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Heading Overseas to Develop Drugs to Prevent and Cure Malaria
Written by Lauren Whetzel-Siburkis
Published on October 15, 2014
When USciences alumna CAROLYN SELENSKI PhC’00, PhD, stumbled across a headline on GlaxoSmithKline's website titled, "The Diseases of the Developing World Need You," the opportunity immediately sparked her interest. Soon after, she accepted an 18-month secondment position within this philanthropic unit and moved to Madrid.
Dr. Selenski had worked as a principal scientist in chemical biology at GlaxoSmithKline in North Carolina for more than three years before accepting her current role with the company’s overseas location as an investigator focusing on lead optimization efforts and validating the first target for malaria.
"Over the past year, my main focus has been working to find drugs that could prevent and cure malaria," said Dr. Selenski. "This charitable unit of the company concentrates mainly on researching and developing drugs that could prevent and cure malaria and tuberculosis, along with some other neglected tropical diseases."
Working in Madrid has provided her with a unique skill set to bring back to the U.S. because she has gained firsthand involvement in the latestage drug discovery process. While in the U.S., Dr. Selenski was primarily responsible for developing technology for the pharmaceutical industry in early-stage drug development, rather than the actual drugs.
"During my time here, I've learned that I enjoy working closer to the drug and patient in the drug discovery process where deadlines are critical," said Dr. Selenski. "I am working with experts from around the world through the Open Lab Foundation, and our enthusiasm is great because of the dire need to find cures for diseases in these developing countries."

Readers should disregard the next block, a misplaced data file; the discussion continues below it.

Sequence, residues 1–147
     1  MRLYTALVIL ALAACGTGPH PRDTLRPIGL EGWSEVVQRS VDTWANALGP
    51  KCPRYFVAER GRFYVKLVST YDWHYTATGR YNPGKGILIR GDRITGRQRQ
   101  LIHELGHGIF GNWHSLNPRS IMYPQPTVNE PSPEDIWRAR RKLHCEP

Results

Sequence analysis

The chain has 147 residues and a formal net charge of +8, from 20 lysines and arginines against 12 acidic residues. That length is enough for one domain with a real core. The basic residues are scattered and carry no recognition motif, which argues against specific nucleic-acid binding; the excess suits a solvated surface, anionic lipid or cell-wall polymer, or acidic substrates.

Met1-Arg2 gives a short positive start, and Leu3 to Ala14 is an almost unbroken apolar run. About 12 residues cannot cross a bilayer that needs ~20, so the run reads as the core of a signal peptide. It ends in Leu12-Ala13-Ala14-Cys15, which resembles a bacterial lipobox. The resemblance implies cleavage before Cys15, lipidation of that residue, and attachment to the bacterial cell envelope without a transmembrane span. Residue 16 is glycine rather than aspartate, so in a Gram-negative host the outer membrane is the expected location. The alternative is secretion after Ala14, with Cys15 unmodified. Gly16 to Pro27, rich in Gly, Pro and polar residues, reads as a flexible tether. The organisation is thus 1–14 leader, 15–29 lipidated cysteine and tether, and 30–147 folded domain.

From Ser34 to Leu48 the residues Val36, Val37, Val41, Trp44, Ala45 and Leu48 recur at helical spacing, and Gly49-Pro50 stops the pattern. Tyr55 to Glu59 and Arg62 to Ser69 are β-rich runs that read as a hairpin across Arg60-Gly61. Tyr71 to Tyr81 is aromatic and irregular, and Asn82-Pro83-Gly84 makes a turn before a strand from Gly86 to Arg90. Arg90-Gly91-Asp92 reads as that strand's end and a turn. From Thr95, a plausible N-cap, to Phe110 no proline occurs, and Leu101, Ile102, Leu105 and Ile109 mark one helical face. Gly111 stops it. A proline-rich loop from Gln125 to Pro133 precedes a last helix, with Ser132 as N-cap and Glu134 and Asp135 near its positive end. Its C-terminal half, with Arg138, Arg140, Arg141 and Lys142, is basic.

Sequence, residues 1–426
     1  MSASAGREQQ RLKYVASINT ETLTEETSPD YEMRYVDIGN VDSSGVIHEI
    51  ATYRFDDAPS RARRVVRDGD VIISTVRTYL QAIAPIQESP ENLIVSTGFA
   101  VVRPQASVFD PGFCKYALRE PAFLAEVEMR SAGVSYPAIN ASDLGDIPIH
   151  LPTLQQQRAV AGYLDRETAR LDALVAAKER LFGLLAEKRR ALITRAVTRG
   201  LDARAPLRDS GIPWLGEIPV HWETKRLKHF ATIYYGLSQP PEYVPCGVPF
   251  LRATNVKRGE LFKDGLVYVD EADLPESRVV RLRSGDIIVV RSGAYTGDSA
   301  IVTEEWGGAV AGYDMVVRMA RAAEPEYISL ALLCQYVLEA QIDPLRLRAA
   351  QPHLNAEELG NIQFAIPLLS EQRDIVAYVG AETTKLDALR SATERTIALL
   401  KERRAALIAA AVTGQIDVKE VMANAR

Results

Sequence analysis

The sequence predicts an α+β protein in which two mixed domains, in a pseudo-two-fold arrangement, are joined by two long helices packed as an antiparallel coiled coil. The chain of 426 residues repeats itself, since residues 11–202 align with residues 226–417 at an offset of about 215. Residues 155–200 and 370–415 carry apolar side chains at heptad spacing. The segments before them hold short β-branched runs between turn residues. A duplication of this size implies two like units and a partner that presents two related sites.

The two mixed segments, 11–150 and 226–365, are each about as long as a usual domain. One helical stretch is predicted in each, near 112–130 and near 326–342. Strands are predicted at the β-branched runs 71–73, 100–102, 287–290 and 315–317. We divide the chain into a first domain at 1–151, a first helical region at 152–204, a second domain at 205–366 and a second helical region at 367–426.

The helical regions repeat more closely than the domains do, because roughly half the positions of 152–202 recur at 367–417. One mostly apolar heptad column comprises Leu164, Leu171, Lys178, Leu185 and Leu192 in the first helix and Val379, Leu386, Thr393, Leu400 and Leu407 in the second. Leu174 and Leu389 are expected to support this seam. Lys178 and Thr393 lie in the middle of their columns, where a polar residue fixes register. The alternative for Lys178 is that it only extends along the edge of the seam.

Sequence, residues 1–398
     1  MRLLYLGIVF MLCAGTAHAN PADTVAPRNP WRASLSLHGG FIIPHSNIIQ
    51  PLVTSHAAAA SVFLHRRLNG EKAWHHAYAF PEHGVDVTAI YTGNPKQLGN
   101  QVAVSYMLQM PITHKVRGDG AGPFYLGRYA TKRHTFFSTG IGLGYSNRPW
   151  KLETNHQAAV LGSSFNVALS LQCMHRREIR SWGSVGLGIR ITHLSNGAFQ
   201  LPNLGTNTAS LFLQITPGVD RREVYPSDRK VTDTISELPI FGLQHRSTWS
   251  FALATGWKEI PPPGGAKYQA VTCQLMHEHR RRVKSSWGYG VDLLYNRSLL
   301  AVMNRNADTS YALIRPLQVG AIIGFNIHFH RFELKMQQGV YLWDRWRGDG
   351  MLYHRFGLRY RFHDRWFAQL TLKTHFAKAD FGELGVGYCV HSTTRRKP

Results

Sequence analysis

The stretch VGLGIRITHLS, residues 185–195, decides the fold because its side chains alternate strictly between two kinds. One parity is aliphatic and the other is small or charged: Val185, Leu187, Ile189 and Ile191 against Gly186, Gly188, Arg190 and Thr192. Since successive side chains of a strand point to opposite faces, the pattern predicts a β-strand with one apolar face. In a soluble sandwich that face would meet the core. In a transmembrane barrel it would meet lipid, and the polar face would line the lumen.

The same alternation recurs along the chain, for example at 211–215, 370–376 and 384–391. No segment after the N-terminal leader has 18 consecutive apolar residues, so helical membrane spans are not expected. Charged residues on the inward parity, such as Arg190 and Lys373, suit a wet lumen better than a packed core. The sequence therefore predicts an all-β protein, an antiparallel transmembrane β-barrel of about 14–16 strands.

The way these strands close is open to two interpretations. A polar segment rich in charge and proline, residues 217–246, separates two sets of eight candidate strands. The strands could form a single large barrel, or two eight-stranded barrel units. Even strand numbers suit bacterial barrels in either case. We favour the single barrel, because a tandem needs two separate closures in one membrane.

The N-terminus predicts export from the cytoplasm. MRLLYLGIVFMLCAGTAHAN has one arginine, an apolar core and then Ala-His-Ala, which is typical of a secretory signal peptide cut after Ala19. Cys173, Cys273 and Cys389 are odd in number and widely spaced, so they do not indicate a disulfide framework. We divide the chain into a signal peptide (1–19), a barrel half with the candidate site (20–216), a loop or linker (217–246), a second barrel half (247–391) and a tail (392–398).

While overseas, Dr. Selenski has honed her Spanish skills through courses, daily communication with her peers, and working in a team setting. She credits Philadelphia College of Pharmacy's strong appreciation of biology for her passion to gain a global perspective on the importance of the pharmaceutical industry.
As for now, Dr. Selenski looks forward to continuing her research and development of malaria drugs and understanding their mode of action, as well as completing her final six months in Madrid. Once she returns to the States, Dr. Selenski is eager to share her experiences with her GlaxoSmithKline colleagues in North Carolina and remains open-minded regarding future professional opportunities abroad.
Dr. Selenski is a Legacy of USciences; her father is board of trustees member DONALD J. M. PHILLIPS P'70, PharmD'73. She earned her PhD in organic chemistry from the University of California Santa Barbara and completed her postdoctoral research under Robert M. Williams, PhD, a university distinguished professor at Colorado State University.
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